Larry Dennis comes from a long and distinguished line of eastern North Carolina barbecue men. Not surprisingly, he takes his pitmaster duties seriously. Now in charge of Bum’s — the Ayden barbecue joint his father opened in 1968 — the 53-year-old Dennis typically arrives at the restaurant’s smokehouse at 4 in the morning and often doesn’t go home until 10 at night. “I put on, cook, and chop up every pig we sell,” he boasts.
But over the years, Dennis has noticed something a bit odd. While barbecue is Bum’s signature dish — and its best seller — it’s not the one he hears about the most from his customers. “We get more comments on our fried chicken than everything else on our menu put together,” Dennis says of Bum’s yardbird, a delectable dish that achieves the crisp-on-the-outside-and-moist-on-the-inside Platonic ideal. “The barbecue, the Brunswick stew, the collards are all kind of expected,” he continues. “But when they eat the fried chicken, they’re shocked to taste something this good.”
It’s a useful, albeit counterintuitive, bit of wisdom: If you’re seeking great Southern fried chicken, it often pays to look for a restaurant with a picture of a pig in its window. At some of the state’s best barbecue restaurants, fried chicken isn’t treated as an afterthought. Instead, it’s an integral part of the menu — given just as much consideration (if not as much cooking time) and subject to just as much debate as the barbecue itself. “I don’t think we just have the best barbecue,” says Eric Lippard, one of the co-owners of Parker’s Barbecue in Wilson. “We’ve got the best fried chicken, too.”
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If you’re seeking great Southern fried chicken, it often pays to look for a restaurant with a picture of a pig in its window.
At Parker’s — the shambling, white clapboard temple to barbecue on U.S. Highway 301 — they dredge the 8,000 to 10,000 eight-piece chickens they serve each week in the same basic breading recipe that the late Ralph Parker came up with in 1946: salt, pepper, and white flour from Atkinson Milling Company in Selma. June Brunson, an 80-year-old cook who’s been working in Parker’s kitchen since he was 14, says that after the chicken is dredged, it must rest on a tray for up to 20 minutes. “You need to let it sit,” Brunson explains, “because you can’t fry dry flour.” But that’s only half of the story: Brunson believes the real secret to Parker’s delicious fried chicken is the cottonseed oil it’s fried in, which produces chicken so miraculously grease-free that, after you eat it, you can use the same napkin to wipe your mouth and your fingers.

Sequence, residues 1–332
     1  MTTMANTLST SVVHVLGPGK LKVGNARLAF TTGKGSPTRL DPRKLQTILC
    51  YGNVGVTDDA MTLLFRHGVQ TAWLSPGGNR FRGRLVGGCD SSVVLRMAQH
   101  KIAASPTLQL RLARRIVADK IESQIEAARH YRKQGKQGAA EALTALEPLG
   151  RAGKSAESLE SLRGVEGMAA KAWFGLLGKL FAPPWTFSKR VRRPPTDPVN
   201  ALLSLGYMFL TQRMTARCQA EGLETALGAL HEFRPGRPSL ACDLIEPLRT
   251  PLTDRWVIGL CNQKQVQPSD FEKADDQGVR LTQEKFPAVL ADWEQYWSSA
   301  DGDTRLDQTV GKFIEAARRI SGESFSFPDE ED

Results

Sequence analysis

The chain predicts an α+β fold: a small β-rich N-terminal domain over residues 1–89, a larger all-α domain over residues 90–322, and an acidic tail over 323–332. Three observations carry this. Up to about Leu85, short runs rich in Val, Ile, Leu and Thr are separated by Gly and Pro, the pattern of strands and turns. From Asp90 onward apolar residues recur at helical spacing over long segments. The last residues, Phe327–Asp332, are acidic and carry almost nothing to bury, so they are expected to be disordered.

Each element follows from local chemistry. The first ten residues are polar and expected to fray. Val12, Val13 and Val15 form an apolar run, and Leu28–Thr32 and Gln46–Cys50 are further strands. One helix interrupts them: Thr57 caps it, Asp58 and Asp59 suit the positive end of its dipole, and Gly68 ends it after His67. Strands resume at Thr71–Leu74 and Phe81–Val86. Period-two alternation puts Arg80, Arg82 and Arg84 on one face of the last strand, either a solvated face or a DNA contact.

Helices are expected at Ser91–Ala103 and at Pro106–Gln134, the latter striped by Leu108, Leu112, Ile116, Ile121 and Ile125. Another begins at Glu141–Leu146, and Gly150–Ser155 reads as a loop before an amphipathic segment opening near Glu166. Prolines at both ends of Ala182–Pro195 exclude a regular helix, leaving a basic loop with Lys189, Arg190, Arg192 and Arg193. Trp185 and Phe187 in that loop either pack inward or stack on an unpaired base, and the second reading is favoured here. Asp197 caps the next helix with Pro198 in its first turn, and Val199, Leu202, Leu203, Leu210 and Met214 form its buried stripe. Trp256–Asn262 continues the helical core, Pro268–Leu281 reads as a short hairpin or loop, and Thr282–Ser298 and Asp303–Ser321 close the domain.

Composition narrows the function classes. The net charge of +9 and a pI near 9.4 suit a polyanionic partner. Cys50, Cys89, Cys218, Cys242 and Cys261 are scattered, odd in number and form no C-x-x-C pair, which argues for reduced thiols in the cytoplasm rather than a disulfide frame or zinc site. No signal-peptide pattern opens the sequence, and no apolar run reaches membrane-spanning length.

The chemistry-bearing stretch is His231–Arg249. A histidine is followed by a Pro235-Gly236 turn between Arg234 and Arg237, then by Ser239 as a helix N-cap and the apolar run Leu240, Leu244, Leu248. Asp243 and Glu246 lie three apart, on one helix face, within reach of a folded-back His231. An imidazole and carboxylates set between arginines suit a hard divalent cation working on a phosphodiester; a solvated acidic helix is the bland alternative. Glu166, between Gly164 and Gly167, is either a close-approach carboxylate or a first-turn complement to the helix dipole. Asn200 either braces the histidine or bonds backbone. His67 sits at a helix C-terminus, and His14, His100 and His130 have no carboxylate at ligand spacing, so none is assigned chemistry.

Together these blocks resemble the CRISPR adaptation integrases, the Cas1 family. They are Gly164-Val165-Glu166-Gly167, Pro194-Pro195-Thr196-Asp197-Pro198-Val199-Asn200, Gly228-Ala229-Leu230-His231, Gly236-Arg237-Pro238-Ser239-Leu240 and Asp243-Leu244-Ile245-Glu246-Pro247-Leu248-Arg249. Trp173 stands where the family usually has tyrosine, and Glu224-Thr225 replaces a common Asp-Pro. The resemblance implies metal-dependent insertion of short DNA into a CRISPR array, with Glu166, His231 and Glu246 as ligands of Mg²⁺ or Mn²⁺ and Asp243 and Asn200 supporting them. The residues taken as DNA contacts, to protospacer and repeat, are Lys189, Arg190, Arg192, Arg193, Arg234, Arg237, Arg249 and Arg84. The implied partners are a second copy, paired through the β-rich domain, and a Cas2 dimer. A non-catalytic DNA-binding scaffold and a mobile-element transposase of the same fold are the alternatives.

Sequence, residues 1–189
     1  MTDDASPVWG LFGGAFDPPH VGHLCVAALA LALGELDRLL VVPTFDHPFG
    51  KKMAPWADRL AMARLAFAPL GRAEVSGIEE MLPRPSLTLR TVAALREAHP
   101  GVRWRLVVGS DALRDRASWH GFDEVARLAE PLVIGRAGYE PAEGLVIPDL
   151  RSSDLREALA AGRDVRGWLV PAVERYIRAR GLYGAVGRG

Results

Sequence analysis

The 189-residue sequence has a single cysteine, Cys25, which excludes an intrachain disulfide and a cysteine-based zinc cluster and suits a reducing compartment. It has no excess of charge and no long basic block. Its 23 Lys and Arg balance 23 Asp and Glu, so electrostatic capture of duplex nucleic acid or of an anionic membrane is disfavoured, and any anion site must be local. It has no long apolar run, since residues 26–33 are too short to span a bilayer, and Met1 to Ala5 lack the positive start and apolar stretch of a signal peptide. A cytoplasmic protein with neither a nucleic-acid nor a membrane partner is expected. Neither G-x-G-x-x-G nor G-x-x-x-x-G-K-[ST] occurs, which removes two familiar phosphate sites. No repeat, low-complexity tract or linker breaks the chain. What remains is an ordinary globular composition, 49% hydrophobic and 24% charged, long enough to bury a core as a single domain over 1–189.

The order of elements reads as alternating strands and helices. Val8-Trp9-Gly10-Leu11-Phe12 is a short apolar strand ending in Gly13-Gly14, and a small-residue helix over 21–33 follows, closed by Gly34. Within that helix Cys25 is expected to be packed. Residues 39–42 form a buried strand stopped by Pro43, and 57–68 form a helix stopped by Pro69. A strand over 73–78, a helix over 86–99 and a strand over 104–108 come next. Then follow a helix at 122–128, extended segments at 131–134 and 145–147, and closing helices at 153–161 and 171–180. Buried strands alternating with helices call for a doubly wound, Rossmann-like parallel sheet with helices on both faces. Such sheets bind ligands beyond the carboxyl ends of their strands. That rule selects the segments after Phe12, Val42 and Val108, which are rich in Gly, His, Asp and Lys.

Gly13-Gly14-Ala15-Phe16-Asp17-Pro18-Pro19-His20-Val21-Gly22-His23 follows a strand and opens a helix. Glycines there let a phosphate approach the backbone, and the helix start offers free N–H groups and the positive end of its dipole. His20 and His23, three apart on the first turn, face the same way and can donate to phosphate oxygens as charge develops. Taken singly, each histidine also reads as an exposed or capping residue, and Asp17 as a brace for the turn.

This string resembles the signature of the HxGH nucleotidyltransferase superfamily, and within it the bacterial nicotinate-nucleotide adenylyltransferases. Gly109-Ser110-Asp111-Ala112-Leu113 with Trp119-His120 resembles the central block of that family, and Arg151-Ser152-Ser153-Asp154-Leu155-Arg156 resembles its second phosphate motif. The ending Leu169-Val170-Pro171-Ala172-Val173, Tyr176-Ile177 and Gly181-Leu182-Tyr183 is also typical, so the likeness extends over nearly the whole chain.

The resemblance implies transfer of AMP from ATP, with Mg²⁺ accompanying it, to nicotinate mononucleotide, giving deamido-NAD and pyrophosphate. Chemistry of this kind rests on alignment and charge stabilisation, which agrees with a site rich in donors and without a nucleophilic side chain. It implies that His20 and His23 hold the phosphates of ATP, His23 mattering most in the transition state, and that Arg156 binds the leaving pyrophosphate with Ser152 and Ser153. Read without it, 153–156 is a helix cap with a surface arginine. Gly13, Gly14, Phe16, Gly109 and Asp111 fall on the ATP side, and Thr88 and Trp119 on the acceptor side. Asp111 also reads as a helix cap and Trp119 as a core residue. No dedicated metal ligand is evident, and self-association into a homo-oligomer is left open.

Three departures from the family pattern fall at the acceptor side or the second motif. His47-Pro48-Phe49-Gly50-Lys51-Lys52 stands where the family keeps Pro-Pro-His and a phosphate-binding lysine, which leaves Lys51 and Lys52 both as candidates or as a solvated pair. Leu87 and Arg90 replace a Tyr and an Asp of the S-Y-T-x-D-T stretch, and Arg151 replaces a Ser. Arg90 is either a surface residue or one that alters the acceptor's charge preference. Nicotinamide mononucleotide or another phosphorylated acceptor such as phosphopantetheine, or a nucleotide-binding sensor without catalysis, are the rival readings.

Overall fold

At Ralph’s, the cavernous barbecue hall just off I-95 near Roanoke Rapids, the ingredient that sets its fried chicken apart is even more basic: water. “Wet batter chicken is our thing,” says Gavin Woodruff, who, along with his mother, currently runs the restaurant his great-grandfather Ralph Woodruff founded in 1941. The fried chicken cooks at Ralph’s, a pair of women who’ve been working at the restaurant for more than 30 years, mix up flour and salt — no pepper — and then add water. How much water? They don’t really know exactly. “Ms. Alice and Ms. Sally just eyeball the amount,” Woodruff says. The result is fried chicken encased in a golden, puffy crust that calls to mind tempura.
Water also plays a crucial role in the fried chicken at Clyde Cooper’s in Raleigh. When Randy Holt and his wife, Debbie, bought the venerable downtown barbecue joint, they were more focused on serving pork. But then they changed poultry suppliers and discovered the wonders of brining. Soaking their birds in a saltwater mixture produces fried chicken that’s explosively juicy. It’s popular, too: The restaurant now sells almost equal amounts of barbecue and fried chicken, sometimes going through as much as 20,000 pounds of poultry in one week. “Fried chicken is not something we set out to be known for,” Holt marvels, “but now we’re known for it.”
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The fried chicken at Picnic — a new “craft” barbecue restaurant in Durham — was such an immediate success that in the first few months the owners doubled the number of deep fryers from two to four. That may be because, unlike its forefathers, Picnic dresses up its bird. The breading is a combination of all-purpose flour and rice flour, which gives the skin “a little extra crispiness,” says Chef Ben Adams. But before that, these birds are soaked in a brine and then bathed in cold-smoked buttermilk, ensuring a “smokier, meatier flavor.” It’s the sort of thing that barbecue folks are known for: taking the time to coax extraordinary flavors from ordinary cuts of meat. And yet, for all the differences and variations in preparation — wet batter versus dry, canola oil versus cottonseed, and even the addition of something as newfangled as smoked buttermilk — fried chicken, like North Carolina barbecue, remains an elementally simple dish.
“There’s no big secret to making good barbecue: You cook the pigs with wood, and you use vinegar and salt and pepper,” says Dennis of Bum’s. “It’s the same thing with chicken: salt, pepper, flour. Batter it, fry it, eat it. There’s no magic to it.” You try to protest, but he won’t have it. Fried chicken, like barbecue, is supposed to be that delicious, he says; the problems come when people forget their roots and start getting away from their traditions. “The hardest part of my job,” Dennis says, “is keeping things simple and the way they’re meant to be.”